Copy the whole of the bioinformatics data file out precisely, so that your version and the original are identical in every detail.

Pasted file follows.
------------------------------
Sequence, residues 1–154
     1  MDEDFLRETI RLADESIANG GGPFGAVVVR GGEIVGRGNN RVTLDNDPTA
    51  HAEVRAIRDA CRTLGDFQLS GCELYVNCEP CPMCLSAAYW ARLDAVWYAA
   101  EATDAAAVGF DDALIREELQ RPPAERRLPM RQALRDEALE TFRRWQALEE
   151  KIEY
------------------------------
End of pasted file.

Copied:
Sequence, residues 1–154
     1  MDEDFLRETI RLADESIANG GGPFGAVVVR GGEIVGRGNN RVTLDNDPTA
    51  HAEVRAIRDA CRTLGDFQLS GCELYVNCEP CPMCLSAAYW ARLDAVWYAA
   101  EATDAAAVGF DDALIREELQ RPPAERRLPM RQALRDEALE TFRRWQALEE
   151  KIEY